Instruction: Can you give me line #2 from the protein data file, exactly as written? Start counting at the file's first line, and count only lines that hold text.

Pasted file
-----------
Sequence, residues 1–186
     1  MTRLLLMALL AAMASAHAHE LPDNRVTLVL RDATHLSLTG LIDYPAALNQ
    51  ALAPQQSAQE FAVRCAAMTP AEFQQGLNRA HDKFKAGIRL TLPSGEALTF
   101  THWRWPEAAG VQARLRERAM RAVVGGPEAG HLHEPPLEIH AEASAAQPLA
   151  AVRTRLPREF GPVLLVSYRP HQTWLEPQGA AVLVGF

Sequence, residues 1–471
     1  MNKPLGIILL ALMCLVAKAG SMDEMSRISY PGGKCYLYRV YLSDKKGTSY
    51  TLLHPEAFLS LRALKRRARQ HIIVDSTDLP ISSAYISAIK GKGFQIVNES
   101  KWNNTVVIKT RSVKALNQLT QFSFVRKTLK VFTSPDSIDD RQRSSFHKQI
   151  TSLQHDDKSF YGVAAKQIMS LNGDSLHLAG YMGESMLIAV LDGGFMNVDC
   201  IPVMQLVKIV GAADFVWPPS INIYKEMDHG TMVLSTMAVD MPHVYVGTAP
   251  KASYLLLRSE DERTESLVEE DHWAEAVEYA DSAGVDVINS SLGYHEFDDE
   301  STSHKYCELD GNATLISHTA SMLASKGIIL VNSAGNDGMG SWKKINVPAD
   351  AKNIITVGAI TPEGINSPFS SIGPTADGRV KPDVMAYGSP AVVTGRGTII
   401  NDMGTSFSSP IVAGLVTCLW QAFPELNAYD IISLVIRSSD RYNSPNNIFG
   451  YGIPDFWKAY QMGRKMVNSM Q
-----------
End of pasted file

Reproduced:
     1  MTRLLLMALL AAMASAHAHE LPDNRVTLVL RDATHLSLTG LIDYPAALNQ